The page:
The jury in the Casey Anthony trial, probably the most watched since O.J. Simpson’s murder trial in 1995, returned verdicts of not guilty on a count of first-degree murder, aggravated child abuse and aggravated manslaughter of a child. She was, however, found guilty of three counts of giving false information to law enforcement.
As Anthony, 25, who’d been accused of killing her two-year-old daughter, Caylee, prepared to hear her fate, she struggled to remain composed. She kept her eyes lowered, but her anxiety was visible in her facial expression and deep breathing. It wasn’t until after the verdicts were read and members of the jury were polled to ascertain whether they were all in agreement that Anthony finally burst into tears.
The jury deliberated for more than 10 hours over two days, following 33 days of testimony. If convicted, the 25-year-old could have faced the death penalty. Instead, she will likely receive a sentence of time served.
Anthony's attorneys had maintained that Caylee had drowned accidentally in the family swimming pool.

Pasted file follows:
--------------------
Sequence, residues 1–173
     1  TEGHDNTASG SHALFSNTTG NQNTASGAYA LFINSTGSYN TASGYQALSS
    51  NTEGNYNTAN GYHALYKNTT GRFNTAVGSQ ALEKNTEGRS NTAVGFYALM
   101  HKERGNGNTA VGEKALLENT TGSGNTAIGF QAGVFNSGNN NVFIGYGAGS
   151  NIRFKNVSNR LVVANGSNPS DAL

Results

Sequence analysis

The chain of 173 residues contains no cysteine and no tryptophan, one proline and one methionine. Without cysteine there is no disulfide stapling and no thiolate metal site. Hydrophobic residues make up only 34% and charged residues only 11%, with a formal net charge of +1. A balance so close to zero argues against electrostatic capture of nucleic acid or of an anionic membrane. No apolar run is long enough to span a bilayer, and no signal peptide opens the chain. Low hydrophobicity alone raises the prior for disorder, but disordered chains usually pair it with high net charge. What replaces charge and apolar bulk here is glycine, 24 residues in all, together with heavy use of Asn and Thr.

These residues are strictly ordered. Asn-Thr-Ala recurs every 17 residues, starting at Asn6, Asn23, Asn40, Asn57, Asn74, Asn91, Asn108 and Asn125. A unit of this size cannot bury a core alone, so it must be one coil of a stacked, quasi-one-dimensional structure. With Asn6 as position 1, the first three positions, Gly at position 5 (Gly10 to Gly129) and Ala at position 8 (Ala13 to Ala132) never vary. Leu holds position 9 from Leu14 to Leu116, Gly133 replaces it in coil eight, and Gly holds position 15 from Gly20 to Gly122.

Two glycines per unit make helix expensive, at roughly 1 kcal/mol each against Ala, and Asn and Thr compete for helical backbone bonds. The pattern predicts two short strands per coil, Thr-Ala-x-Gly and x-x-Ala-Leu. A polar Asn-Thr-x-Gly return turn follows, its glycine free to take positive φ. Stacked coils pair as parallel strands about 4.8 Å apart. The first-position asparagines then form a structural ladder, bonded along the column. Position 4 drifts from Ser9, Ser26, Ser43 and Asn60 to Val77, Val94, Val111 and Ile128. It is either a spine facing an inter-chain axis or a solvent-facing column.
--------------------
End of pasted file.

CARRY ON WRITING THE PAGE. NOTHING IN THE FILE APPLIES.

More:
Prosecutors said that the two-year-old was suffocated with duct tape by a mother who loved to party and weaved elaborate lies about the fate of her daughter.
Prosecutors hammered on the lies Anthony, then 22, told from June 16, 2008, when her daughter was last seen, and a month later when sheriff's investigators were notified, writes the Associated Press. The lies included: Anthony telling her parents she couldn't produce Caylee because the girl was with a nanny named Zanny — a woman who doesn't exist; that she and her daughter were spending time in Jacksonville, Florida, with a rich boyfriend who doesn't exist; and that Zanny had been hospitalized after an out-of-town traffic crash and that they were spending time with her.
Defense attorney Jose Baez said that his client’s acquittal is a prime example of why the death penalty should not exist. Cheney Mason, another member of the defense team, condemned the media for “assassinating” his client in their coverage of the case and attorney “talking heads,” who provided on-air analysis of a case he said “they don’t know a damn thing about and don’t have the experience to back up their words or the law.”
(Photo: Associated PressAP)